Oakley Hall is no one-man show, though. They are a modern-day Fleetwood Mac, with the focus shifting from song to song, singer to singer, and male to female. The part of Steve Nicks is played by leather-and-lace chanteuse Rachel Cox, who combines the swoon-worthy country croon of Patty Griffin, the soulful folk lament of Joan Baez, and the contemporary rock stylings of the Gypsy herself. Cox’s vocals on torch song “All the Way Down” had the crowd spellbound, mouths gaping as guitars swirled like a warm cotton blanket around her soaring eagle voice. Stand back, y’all.
Helping paint Oakley Hall’s backwoods sound is violinist Claudia Mogel and lap-steel guitarist Fred Wallace (who, incidentally, looks a bit like a hungover Lindsey Buckingham). Mogel, along with bassist Jesse Barnes, also backs Cox and Sullivan on vocals, helping create four-part harmonies on par with the Carter family. Barnes and new drummer Pat Wood ensure that, at the end of the day, this is a rock n’ roll show, dammit, one that at times can approach AC/DC-like intensity. “Volume Rambler” knocked us down and kicked us in the ribs hard—quite simply, this song provided the most intense performance I’ve seen all year. At times, Sullivan’s head-shaking guitar chops conjured Angus Young, had he traded in a kilt for some chaps.
After “Volume Rambler”, the band let the audience catch its breath with echo-drenched, ghostly lament “I’ll Follow You”. There was a soulful thread of Americana woven through the fabric of this song and others, in which easy riders Jack, Peter, and Dennis would have found the perfect soundtrack for their trip to New Orleans.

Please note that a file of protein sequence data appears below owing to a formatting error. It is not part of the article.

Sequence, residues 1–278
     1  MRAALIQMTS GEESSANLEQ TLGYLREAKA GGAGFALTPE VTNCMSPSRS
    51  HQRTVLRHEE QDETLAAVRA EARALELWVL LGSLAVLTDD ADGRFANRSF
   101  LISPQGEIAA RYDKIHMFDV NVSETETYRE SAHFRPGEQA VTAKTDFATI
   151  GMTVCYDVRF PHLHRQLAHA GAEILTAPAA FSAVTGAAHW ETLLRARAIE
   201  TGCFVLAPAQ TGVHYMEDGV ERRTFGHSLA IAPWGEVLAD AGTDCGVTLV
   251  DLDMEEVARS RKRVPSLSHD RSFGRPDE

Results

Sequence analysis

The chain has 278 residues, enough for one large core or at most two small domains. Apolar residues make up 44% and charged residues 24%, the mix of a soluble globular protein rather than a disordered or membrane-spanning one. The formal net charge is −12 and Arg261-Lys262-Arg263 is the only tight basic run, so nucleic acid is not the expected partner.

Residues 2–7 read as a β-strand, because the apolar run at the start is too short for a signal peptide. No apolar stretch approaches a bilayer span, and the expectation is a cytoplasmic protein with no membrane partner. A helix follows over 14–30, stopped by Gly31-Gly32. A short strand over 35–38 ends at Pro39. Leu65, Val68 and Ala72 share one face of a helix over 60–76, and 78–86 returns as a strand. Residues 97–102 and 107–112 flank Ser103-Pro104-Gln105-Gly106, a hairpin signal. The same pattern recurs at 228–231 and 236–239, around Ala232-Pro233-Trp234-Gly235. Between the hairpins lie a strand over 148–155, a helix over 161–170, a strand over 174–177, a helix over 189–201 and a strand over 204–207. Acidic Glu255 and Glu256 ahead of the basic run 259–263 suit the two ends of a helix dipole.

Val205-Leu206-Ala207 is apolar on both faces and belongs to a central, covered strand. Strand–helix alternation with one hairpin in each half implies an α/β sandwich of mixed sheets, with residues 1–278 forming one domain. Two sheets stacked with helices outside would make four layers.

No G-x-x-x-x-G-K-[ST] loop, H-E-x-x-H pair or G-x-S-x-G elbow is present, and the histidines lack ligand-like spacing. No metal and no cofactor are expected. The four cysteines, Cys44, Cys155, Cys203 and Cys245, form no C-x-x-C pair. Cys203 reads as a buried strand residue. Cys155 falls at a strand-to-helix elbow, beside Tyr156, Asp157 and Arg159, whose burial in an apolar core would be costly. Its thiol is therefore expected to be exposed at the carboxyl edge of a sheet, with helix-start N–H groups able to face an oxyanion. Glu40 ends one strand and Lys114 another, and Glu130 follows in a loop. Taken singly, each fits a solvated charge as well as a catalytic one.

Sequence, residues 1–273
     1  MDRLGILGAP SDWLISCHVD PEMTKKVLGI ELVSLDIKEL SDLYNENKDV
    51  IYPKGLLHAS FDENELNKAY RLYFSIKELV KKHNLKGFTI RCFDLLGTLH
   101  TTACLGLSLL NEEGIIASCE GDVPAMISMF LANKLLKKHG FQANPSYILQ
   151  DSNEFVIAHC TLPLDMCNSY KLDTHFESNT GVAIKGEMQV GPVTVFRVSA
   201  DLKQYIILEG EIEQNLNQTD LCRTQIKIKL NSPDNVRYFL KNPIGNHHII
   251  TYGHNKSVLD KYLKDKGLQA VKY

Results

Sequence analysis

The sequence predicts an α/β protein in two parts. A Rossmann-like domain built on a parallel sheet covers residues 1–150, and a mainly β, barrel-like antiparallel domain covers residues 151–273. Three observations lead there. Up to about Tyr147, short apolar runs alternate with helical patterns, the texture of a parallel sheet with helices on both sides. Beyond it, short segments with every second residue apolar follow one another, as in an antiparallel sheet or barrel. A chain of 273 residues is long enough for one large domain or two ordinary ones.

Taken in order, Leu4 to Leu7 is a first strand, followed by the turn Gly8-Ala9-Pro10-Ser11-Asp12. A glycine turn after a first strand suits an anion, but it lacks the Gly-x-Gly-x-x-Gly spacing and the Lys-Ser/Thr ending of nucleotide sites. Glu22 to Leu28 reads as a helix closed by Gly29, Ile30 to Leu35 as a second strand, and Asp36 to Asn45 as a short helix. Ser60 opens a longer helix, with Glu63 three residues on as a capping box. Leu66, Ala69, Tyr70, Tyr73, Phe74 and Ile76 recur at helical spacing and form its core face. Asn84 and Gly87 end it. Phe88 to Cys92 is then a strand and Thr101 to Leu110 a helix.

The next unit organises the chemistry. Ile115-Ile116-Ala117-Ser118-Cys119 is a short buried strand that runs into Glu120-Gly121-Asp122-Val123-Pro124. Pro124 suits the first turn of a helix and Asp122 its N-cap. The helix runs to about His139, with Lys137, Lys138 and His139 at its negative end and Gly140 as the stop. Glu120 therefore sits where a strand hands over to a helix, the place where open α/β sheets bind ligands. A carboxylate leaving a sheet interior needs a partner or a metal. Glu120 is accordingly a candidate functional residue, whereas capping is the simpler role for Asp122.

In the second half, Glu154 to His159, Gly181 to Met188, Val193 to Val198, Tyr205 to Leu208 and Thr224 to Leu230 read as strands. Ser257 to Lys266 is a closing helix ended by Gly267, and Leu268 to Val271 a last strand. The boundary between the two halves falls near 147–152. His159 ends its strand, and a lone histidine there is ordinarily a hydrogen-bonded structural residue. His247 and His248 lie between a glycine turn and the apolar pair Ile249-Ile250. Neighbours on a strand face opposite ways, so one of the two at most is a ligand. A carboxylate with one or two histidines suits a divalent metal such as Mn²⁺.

Indeed, every single song ended with a head-scratching “whoa” reaction from the crowd. With everything happening on stage—the flawless musicianship, the heavenly boy-girl harmonizing, the driving rhythm section—the show became transformative at points, if not downright psychedelic. An audience member can set sail on an introspective, soul-searching trip, and ultimately find some redemption right in front of the stage—not unlike the way a good Dead show would provide its flock a bona fide sonic tonic to cure an ailing, wounded soul. As Bob Marley said, “One good thing about music; when it hits, you feel no pain.” So maybe it’s not so crazy to imagine that one day kids might be cruising parking lots, holding up one finger, and praying for that “miracle” to get them into a sold-out Oakley Hall gig.
After the Maxwell’s show, I sought out Pat Sullivan by the merch table. He was just as gracious as he was when I met him at the Mercury lounge, and certainly more energized (that had been the last day of a tour, not the first). But still he worried that this show wasn’t as good as it might have been, had the “first show” kinks been more smoothly ironed out. He’d expressed similar disappointment at the Mercury Lounge show, and both times left me equally baffled (how could he not realize how well he’d done?!). But, then, Oakley Hall is clearly a band of dressed-down perfectionists. If they are indeed only just revving up, best prepare to hunker down, because these guys are on fire right now. Do not even dream of sleeping on this band when they hit your town—even if Joe Strummer happens to be playing down the street.